"If we could comprehend all the good things contained in Holy Communion, nothing more would be wanting to content the heart of man. The miser would run no more after his treasures, or the ambitious after glory; each would shake off the dust of the earth, leave the world, and fly away towards heaven." - Saint John Marie Vianney
Gospel text (Lk 12:13-21): Someone in the crowd spoke to Jesus, «Master, tell my brother to share with me the family inheritance». He replied, «My friend, who has appointed me as your judge or your attorney?». Then Jesus said to the people, «Be on your guard and avoid every kind of greed, for even though you have many possessions, it is not that which gives you life».
And Jesus continued with this story, «There was a rich man and his land had produced a good harvest. He thought: ‘What shall I do? For I am short of room to store my harvest’. So this is what he planned: ‘I will pull down my barns and build bigger ones to store all this grain, which is my wealth. Then I may say to myself: My friend, you have a lot of good things put by for many years. Rest, eat, drink and enjoy yourself’. But God said to him: ‘You fool! This very night your life will be taken from you; tell me who shall get all you have put aside?’. This is the lot of the one who stores up riches instead of amassing for God».
Today, Jesus places us facing what is fundamental in our Christian life, in our relationship with God: to get rich before him. That is, to fill our own hands and heart with all kinds of supernatural and spiritual goods of grace, and not of material possessions.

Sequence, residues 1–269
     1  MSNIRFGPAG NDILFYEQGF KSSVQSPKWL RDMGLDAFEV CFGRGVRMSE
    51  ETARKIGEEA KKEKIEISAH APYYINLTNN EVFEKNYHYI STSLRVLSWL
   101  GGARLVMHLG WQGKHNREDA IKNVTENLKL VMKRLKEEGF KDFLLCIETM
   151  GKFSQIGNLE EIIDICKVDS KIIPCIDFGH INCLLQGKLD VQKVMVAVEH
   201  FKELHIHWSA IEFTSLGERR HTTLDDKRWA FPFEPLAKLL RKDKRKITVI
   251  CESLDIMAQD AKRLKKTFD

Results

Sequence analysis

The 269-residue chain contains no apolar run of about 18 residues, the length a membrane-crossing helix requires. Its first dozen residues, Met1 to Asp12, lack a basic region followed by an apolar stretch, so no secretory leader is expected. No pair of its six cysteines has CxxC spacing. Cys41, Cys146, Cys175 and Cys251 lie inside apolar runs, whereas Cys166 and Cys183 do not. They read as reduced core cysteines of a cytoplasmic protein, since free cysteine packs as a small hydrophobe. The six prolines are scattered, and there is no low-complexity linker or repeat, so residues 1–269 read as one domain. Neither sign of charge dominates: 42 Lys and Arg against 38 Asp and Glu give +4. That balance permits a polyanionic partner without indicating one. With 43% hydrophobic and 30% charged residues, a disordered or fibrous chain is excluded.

This is why, in the light of today's Gospel we can wonder: what do we fill our heart with? The man of the parable saw it quite clearly: «Rest, eat, drink and enjoy yourself» (Lk 12:19). But this is absolutely not what God expects from his good sons. The Lord does not want our happiness to rely upon legacies, banquets, last model cars, exotic holidays, estates, our armchair, beers or money. All these things may be good, but they cannot satisfy per se our yearning for the plenitude of our souls, and, consequently, we should employ them only as the means they simply are.
This is the experience of St. Ignatius Loyola's, whose celebration was yesterday. This is how he admitted it in his own auto-biography: «When he thought of worldly things, he delighted in them, but when he gave them up, dead bored, he felt sad and empty; when he thought, instead, of the penances he observed in the just men, he felt solace and comfort, not only in that very moment, but even afterwards, he felt contented and cheerful». And this can also be our own experience.
Because material and earthly things become outdated and expire; but, spiritual things are eternal, they last forever and are the only ones that can fill our heart and give a meaning to our human and Christian life.
Jesus said it very clear: «You fool!» (Lk 12:20), this is how He qualifies those who only have material, earthly and selfish aims. Let us beg we may always present ourselves before God, at any time, with our hands and heart full of our efforts to seek our Lord and to look for what it pleases to him, for this is the only thing that will take us to Heaven.